Musical Ornaments: How to Execute a Turn

By Edward Ellsworth Hipsher

The turn is one of those ornaments that was born in the age of filigree music in Italy – that age which as not been and probably never will be surpassed in production of really enchanting almost intoxicating melody – the melody created for the sheer beauty of melody itself. In that age was brought into existence practically all the “embellishments” now used for the variation and ornamentation of themes, certainly all those that are employed to give melody lightness and grace.

Thus it is we find ourselves going back to the “Language of Song” for the roots, if not the entire structure, of the names applied to these graces. And a little study of the ancestry of these words will be of more use than mere amusement of the inquisitive faculty of human kind.

In the Italian we find the word “gruppo” paralleling in meaning our own English “group.” Again “etto” added to an Italian word is an ending indicating diminution of the force of the word. Thus “grupetto” (a small group) became the name recognized by the musical world for this graceful ornament, to distinguish it from the more elaborate roulades of scales and arpeggios in vogue. In the English speaking world this term is now almost displaced by the word “turn,” in reality very apt, as the ornament truly does turn around its principal note.

Of all the embellishments, none is more graceful and refined than the turn nicely executed. Placed between notes, it has the quality of lifting and carrying one tone of the melody on to the next with an elegance not quite approached by the other. So for a time let us see what can be learned about it that will help us to use it at its greatest value.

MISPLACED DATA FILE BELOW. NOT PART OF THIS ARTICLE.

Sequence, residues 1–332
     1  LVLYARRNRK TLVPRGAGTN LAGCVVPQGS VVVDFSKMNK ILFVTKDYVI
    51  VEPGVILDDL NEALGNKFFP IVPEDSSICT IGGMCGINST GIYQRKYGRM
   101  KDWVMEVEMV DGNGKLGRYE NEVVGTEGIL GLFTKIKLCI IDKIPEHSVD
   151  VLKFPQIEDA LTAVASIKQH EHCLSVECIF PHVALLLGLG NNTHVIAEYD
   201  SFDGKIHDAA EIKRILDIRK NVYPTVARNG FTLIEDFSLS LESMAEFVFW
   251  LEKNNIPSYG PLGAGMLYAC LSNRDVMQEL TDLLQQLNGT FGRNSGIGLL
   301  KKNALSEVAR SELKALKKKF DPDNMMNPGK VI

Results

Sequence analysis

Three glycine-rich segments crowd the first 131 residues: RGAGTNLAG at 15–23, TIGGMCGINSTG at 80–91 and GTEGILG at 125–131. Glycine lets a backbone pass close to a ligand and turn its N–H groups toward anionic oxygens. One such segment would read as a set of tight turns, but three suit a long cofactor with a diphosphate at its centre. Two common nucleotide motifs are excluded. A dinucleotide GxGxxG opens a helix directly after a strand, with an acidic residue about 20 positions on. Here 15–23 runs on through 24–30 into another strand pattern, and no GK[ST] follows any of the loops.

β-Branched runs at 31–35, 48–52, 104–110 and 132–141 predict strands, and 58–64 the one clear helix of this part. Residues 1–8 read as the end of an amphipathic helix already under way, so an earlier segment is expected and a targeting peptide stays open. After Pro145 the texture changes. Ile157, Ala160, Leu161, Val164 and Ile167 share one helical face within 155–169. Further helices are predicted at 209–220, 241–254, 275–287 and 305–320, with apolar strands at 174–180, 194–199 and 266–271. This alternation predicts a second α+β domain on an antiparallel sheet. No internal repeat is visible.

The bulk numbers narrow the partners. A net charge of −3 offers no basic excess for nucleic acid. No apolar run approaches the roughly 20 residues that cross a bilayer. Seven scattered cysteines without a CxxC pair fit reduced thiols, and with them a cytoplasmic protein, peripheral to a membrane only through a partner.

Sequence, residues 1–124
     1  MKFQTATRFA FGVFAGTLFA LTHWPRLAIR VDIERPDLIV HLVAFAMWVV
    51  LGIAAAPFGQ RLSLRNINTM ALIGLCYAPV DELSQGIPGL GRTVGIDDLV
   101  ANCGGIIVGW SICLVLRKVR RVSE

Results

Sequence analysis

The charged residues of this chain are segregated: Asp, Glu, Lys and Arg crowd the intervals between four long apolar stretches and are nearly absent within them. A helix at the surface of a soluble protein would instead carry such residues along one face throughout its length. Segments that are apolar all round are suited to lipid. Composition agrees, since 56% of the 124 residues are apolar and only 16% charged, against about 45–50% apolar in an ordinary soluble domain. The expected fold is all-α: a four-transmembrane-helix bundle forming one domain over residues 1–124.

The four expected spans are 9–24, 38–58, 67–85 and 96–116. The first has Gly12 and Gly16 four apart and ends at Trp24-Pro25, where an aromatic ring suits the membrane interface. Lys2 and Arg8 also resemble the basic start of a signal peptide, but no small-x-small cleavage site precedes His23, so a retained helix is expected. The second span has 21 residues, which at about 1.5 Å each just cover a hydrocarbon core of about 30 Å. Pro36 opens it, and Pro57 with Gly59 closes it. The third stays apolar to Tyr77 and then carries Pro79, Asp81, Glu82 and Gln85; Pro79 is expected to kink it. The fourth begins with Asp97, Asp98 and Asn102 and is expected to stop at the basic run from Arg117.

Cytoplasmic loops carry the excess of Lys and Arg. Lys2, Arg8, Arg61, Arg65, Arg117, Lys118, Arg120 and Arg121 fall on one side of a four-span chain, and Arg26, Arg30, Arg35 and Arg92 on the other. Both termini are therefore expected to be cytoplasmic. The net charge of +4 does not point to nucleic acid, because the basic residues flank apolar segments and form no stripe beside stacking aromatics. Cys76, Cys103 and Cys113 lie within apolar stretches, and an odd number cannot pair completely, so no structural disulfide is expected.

The “Turn” proper consists of four tones. First is the principal tone or home tone. Above this is the “upper auxiliary tone.” This is usually the diatonic or regular tone of the key to which the principal note belongs. Any variation from this must be indicated by a proper character placed above the sign of the turn; thus, et1. Below the principal tone is the “lower auxiliary tone.” This is almost invariably a half step below the principal tone. This, if not diatonic, is usually indicated by a proper accidental under the sign of the turn.

Even when the sign is wanting, one is commonly safe in supplying it and using the half step. An exception to this is when the upper auxiliary is but a half step above the principal tone. In this case the ear must be largely the guide. If both auxiliary tones are but a half step distant from the principal tone, they produce a diminished third. If executed very rapidly, the ear does not readily assimilate these tones, especially if the lower if foreign to the key. Thus it becomes somewhat a matter of musical discrimination.

If the turn must be done very quickly, it usually is better not to alter the lower auxiliary tone; if it is done more deliberately, generally it is better to alter the lower tone to a half step below the principal one. Another exception is when the turn immediately followed by a diatonic tone on the same degree as the lower auxiliary tone, when ordinarily it is better not to alter the pitch of this auxiliary. The shifting of tonality from the altered to the diatonic tonality of this note will be assimilated comfortably by the ear only if the time of the turn is very deliberate.